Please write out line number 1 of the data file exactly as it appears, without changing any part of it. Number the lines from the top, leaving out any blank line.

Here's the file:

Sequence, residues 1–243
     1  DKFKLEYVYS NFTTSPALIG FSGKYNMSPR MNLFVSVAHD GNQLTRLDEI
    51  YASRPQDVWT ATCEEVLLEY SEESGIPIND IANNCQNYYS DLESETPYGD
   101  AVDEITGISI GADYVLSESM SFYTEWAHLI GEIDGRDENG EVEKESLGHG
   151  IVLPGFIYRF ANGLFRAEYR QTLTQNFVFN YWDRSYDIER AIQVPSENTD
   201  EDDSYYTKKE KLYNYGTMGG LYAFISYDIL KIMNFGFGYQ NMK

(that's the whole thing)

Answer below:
Sequence, residues 1–243